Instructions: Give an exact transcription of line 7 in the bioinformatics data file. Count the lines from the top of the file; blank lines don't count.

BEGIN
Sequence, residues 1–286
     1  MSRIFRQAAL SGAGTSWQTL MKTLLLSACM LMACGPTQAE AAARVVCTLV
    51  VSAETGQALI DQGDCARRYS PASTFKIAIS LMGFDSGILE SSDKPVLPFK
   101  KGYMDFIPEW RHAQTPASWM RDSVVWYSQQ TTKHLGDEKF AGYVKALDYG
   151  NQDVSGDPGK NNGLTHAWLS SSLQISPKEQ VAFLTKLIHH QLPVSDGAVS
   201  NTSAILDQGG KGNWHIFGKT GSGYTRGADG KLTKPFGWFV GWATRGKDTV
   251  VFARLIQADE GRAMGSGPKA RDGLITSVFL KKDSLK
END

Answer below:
   251  VFARLIQADE GRAMGSGPKA RDGLITSVFL KKDSLK